Benjamin Netanyahu has created a “perverse incentive” for Palestinians that the only way to extract concessions is through force, according to the Economist’s Middle East correspondent, Gregg Carlstrom.
The Israeli prime minister has “done everything in his power to undermine the Palestinian Authority”, a moderate political entity governing the West Bank that is open to negotiations, Mr Carlstrom told Sky News.
At the same time he has “treated Hamas for years like a legitimate governing entity in Gaza” by discussing economic benefits and prisoner swaps, he said.
“The lesson, implicitly, that Netanyahu has been sending to the Palestinians is the only way to extract any kind of concessions from Israel is through force, and it has created a very perverse incentive that played some role, I think, in leading us to Saturday,” Mr Carlstrom said.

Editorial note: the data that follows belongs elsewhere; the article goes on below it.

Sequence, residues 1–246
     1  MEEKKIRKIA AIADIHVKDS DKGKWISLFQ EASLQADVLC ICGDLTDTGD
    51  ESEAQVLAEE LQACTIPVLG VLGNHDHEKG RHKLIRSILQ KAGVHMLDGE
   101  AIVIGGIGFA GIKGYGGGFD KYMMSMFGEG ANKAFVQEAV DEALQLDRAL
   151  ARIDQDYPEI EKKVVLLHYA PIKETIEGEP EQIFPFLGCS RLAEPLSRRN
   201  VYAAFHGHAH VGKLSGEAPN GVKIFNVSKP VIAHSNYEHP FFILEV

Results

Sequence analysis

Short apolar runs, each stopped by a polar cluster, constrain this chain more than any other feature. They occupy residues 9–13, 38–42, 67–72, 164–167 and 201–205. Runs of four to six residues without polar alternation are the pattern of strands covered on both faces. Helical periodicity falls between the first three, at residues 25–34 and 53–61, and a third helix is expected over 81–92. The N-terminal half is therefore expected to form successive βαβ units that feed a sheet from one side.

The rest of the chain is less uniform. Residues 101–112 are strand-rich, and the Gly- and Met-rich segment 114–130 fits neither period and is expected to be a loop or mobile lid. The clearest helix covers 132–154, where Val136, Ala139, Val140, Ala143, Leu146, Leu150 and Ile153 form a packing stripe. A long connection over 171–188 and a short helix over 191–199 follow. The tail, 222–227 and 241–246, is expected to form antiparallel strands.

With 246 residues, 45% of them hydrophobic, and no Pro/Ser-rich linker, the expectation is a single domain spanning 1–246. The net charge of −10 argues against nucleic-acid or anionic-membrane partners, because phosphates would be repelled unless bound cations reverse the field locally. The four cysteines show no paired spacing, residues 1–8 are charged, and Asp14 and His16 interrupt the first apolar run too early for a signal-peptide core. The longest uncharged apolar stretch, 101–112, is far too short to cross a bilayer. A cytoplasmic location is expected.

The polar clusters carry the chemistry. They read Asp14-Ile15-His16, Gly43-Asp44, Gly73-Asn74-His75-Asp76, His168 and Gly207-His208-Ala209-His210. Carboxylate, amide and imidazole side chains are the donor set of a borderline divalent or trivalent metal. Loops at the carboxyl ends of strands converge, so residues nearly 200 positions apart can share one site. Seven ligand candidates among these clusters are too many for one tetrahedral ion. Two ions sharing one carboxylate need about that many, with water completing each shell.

He suggested that Mr Netanyahu may not be prime minister for long once the war is over.
“It is very difficult to imagine him surviving this” because he has built his appeal to voters on security, Mr Carlstrom said.
“For many Israeli’s there has been a feeling that Netanyahu has been distracted, he has been so focused on his domestic political battles, his legal battles, over the past few years.”
This is a “moment of national unity” as the country gears up for war, but once it ends “I suspect there will be a long period of recriminations”, he says.